Porsche took racing seriously, but never so much as in 1969 at the Geneva Motor Show, when the company shocked the world with its most ambitious race car ever. The Type 917 represented a huge step that would catapult Porsche into domination of international racing. Production Porsche cars were basically two-liter cars, and the company announced it would not build a larger road car to compete with Ferrari and Lamborghini. At that time V-8-powered Ford GT40s and Lola T70s were the main Group 4 competition. Porsche showed its serious intent by assembling the required twenty-five new five-liter 917s in just one month. The 917’s debut was unusual because Porsche had already committed to the 908. Under racing director Ferdinand Piëch (Ferry Porsche’s nephew), Porsche AG

PORSCHE TYPE 917K

had been introducing one new race car each year. It had never campaigned a largedisplacement model, but anticipating competition from Ferrari and McLaren, Porsche stepped up decisively. Hans Mezger and his group were responsible for the design. Although it was not publicized, Volkswagen AG helped finance the 917; the success of air-cooled racing cars benefited VW as well. Air-cooled engines were potentially less powerful than liquid-cooled competition, but Porsche race cars weighed less without radiators. That was significant. Historian Karl Ludvigsen quoted Piëch as saying that his uncle Ferry “let me carry on because our racing pleased him. He himself would never have done it, but ... he happily tolerated the 917.” A flat-twelve engine was logical, as it was simply four cylinders more than the 908’s and could be built nearly as compactly as a V-8. All the engine accessories

were driven from the center of the crankshaft, including the glass-reinforced-plastic cooling fan. Engine cooling was aided by a remote tank that supplied an oil cooler. The first engines weighed just 530 pounds. The car’s chassis was aluminum, saving even more weight. The 917 showed its potential at the 1969 Le Mans trials, where Rolf Stommelen achieved 142.999 mph. The long-tailed versions were scarily unstable, baffling drivers and engineers, and after several incidents, the FIA banned the movable wings (elevons). Porsche competition manager Rico Steinemann convinced the Le Mans organizers that the car had to compete with elevons or Porsche would withdraw its entries. Vic Elford and Richard Attwood drove one of the 917s. Even with the elevons, Vic said it was “virtually undrivable.” But “Quick Vic” set the fastest lap before the car was retired. In 1970 England’s John Wyer (JW Racing) was retained as Porsche’s competition manager. His organization modified the 917’s front end and developed a new shorter tail design based on the 917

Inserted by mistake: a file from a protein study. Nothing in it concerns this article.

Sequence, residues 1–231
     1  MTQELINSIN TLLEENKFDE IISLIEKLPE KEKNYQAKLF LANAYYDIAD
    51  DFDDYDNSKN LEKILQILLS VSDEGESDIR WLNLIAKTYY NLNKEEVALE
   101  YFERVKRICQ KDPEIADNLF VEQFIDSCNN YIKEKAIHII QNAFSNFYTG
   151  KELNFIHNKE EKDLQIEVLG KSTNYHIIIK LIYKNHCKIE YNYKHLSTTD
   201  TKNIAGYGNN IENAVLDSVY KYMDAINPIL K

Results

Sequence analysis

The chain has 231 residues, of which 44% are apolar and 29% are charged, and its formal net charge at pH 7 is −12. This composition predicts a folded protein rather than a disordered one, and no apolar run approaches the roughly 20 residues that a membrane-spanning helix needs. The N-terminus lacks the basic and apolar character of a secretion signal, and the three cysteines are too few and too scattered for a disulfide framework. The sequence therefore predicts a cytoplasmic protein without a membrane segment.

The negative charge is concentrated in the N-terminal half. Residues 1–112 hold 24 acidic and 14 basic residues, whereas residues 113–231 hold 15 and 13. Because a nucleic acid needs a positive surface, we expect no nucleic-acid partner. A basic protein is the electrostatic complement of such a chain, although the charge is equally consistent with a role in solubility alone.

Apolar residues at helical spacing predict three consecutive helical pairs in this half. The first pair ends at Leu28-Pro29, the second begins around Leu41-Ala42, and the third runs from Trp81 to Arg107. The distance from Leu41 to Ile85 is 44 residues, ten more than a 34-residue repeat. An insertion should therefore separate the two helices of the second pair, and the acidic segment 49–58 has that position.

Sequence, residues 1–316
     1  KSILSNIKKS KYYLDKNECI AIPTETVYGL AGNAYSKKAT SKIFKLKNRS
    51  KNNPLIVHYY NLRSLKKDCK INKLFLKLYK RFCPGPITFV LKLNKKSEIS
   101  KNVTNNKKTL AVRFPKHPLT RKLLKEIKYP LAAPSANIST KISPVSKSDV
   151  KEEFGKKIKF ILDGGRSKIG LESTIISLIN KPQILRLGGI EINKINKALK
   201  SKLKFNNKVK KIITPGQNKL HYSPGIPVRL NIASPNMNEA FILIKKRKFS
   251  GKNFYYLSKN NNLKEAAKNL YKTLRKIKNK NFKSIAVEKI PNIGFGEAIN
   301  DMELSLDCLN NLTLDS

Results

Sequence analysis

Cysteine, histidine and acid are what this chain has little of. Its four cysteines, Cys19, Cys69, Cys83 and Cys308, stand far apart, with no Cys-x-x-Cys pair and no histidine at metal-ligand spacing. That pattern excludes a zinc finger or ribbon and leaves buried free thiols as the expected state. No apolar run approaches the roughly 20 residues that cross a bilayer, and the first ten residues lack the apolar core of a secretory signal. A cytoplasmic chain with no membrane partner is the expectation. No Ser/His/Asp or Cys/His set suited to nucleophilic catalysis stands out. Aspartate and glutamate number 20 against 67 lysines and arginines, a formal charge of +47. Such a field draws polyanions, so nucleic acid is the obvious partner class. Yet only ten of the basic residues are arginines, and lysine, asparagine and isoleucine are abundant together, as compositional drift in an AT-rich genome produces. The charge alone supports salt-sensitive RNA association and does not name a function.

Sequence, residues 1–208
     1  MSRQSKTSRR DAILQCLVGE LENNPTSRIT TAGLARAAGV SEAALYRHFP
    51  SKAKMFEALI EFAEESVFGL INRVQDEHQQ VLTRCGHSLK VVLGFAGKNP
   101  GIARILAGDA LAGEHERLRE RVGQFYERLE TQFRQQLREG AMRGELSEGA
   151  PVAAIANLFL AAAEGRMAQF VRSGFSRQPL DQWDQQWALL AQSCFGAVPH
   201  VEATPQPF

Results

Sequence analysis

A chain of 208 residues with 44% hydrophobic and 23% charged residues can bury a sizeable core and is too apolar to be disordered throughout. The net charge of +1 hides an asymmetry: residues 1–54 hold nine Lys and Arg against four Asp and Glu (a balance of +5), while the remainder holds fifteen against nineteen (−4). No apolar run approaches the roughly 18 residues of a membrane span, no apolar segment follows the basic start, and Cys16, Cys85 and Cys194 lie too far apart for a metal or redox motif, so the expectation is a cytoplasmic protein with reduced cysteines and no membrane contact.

Spyder. That solved the high-speed instability issues. Wyer’s toughest competition would come from the Austrian team, Porsche Konstruktionen, better known as Porsche Salzburg, a team fielded by Louise Piëch—Ferry Porsche’s sister and Ferdinand Piëch’s mother! Family ties ensured Porsche Salzburg received new 917 development parts as soon as, and sometimes before, Wyer’s official factory team. In 1970 Porsche Salzburg won Le Mans, but JW’s Gulf Wyer Porsche cars won every major race except the Sebring 12 Hours, where a new part failed and a new Ferrari 512S was victorious. This car, 917-019, raced for Porsche Salzburg in 1970. The following year, 019 competed with Louise Piëch’s Martini Racing Team. Once again the Piëch/Martini team won Le Mans. And the JW Gulf Porsche factory team won everywhere else, capturing the 1971 Sports Car Championship. With its nine variants, the Porsche 917 remains one of the most powerful race cars of all time and starred in Steve McQueen’s epic film Le Mans.


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PORSCHE BY DESIGN: SEDUCING SPEED

Porsche Type 980 Carrera GT, 2005, Courtesy of the Ingram Collection, Photographs © 2013 Michael Furman

159


158

PORSCHE BY DESIGN: SEDUCING SPEED

PORSCHE BY DESIGN: SEDUCING SPEED

Porsche Type 980 Carrera GT, 2005, Courtesy of the Ingram Collection, Photographs © 2013 Michael Furman

159


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PORSCHE BY DESIGN: SEDUCING SPEED

IROC Porsche Type 911 Carrera RSR, 1974, Courtesy of the William E. (Chip) Connor Collection, Photograph © 2013 Michael Furman; this car (far right) in the 1973–1974 International Race of Champions series at Riverside International Raceway in California. (Porsche Museum Archives)

PORSCHE BY DESIGN: SEDUCING SPEED

129


128

PORSCHE BY DESIGN: SEDUCING SPEED

IROC Porsche Type 911 Carrera RSR, 1974, Courtesy of the William E. (Chip) Connor Collection, Photograph © 2013 Michael Furman; this car (far right) in the 1973–1974 International Race of Champions series at Riverside International Raceway in California. (Porsche Museum Archives)

PORSCHE BY DESIGN: SEDUCING SPEED

129

Porsche By Design  

A collection of personal perspectives on Porsche, showcasing superlative examples of the signature Porsche design principles - minimalism, a...